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Business News of Wednesday, 21 July 2021


Ghana Revenue Authority to review customs law

Commissioner-General of the GRA, Rev. Ammishaddai Owusu-Amoah Commissioner-General of the GRA, Rev. Ammishaddai Owusu-Amoah

The Ghana Revenue Authority (GRA) is to review its customs administrative law to make it simple and clear for tax payers, Mr. Dominic Naab, an auditor and special aide to the authority’s Commissioner-General, has said.

“Some stakeholders have raised concerns about certain aspects of the customs tax and administration [system], and the Commissioner of Customs has been directed to look at it and try to simplify the laws,” said Mr. Naab at a virtual UK-Ghana Chamber of Commerce (UKGCC) quarterly tax dialogue on “Tax Implications from Ghana’s 2021 Budget Statement.”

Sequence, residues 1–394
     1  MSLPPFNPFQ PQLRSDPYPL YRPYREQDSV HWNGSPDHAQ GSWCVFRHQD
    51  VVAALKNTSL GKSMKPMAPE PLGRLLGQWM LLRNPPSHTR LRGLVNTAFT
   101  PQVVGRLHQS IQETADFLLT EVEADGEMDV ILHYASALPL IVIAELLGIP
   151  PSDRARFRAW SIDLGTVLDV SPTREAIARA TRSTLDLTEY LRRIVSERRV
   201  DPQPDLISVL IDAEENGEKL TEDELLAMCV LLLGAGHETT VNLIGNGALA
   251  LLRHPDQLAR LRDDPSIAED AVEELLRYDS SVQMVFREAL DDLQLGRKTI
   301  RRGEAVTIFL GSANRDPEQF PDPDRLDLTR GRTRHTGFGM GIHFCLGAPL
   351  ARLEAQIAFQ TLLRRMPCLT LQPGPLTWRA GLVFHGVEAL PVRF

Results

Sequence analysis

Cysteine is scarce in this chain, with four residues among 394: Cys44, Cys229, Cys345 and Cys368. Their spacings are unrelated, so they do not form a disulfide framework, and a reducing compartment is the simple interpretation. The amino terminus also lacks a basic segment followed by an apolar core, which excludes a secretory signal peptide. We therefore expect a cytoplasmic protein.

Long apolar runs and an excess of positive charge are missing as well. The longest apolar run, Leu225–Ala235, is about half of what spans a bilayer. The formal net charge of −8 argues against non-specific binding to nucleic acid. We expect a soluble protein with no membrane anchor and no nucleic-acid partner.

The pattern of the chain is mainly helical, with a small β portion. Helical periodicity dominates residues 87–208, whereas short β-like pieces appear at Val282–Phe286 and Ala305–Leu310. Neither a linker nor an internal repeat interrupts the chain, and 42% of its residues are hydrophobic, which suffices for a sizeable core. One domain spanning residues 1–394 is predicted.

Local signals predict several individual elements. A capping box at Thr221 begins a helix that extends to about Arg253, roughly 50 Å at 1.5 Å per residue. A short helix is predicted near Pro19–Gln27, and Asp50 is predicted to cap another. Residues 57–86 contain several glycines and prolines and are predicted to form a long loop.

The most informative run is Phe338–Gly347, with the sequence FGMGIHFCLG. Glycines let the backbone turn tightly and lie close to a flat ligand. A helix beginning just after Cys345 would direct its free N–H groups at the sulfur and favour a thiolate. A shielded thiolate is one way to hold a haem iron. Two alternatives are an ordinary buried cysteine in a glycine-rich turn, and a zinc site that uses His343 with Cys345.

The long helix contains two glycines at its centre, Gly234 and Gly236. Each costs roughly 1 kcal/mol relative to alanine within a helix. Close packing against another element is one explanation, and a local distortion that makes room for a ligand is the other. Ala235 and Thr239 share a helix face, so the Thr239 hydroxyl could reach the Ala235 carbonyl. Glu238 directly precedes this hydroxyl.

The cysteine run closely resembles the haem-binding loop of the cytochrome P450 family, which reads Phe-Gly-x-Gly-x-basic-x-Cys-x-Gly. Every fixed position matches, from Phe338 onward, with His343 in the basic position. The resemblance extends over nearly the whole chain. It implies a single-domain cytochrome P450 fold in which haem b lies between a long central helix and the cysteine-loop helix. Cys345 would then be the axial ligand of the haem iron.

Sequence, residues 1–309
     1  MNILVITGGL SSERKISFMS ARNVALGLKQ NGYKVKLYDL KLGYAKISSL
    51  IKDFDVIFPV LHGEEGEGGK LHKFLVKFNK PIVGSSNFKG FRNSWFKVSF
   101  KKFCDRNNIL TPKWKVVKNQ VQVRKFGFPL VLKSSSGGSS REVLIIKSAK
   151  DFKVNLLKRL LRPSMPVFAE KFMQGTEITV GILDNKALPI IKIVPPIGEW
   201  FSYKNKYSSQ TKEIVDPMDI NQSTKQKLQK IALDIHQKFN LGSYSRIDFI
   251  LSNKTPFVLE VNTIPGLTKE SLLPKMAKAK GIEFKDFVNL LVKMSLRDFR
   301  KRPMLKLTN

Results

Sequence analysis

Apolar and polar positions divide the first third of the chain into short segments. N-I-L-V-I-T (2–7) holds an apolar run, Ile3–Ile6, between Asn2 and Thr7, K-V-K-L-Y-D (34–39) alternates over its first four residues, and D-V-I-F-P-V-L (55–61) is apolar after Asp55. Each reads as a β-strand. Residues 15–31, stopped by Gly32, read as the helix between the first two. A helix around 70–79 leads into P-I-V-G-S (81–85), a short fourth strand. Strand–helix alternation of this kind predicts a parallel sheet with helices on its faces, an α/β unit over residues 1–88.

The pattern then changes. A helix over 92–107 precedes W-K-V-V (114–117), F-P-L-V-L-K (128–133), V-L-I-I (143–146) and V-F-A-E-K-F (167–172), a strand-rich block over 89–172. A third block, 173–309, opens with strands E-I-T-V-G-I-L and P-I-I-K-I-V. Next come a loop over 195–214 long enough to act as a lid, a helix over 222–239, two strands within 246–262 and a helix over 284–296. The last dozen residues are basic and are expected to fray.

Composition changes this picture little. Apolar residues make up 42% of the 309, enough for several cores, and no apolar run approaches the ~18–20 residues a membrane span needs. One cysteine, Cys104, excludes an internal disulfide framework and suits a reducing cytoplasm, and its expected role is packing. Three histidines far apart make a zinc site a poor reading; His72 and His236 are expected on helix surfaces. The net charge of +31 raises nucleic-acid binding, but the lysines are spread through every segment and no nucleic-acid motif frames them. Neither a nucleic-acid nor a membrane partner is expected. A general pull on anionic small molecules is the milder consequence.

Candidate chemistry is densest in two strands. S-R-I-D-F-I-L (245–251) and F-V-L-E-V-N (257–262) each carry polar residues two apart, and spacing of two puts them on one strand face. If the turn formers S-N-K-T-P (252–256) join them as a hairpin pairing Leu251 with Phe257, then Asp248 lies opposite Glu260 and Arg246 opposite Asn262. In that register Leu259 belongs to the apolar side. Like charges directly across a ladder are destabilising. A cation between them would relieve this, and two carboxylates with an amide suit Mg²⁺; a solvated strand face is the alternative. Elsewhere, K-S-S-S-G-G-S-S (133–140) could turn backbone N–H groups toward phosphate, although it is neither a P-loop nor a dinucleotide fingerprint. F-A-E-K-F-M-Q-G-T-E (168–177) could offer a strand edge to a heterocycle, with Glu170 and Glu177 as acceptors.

The Customs Act 2015 (Act 891) was passed to provide for the imposition, collection and accounting of customs duty, tax and for related matters.

It entails provisions for imposition of rate of duty and tax on goods, exemptions, customs controls, release of goods, post-clearance audit, authorised economic operators, record keeping, customs information, objection, arrival and departure of conveyance, mooring and unloading, and goods for exports or use at stores, among others.

Mr. Naab disclosed that government will introduce a non-citizens identity card for foreigners working in the country, while the GRA will set up a desk at the Registrar-General’s department to respond to the tax issues of foreigners who are in the country to transact business for a period of not more than 90 days.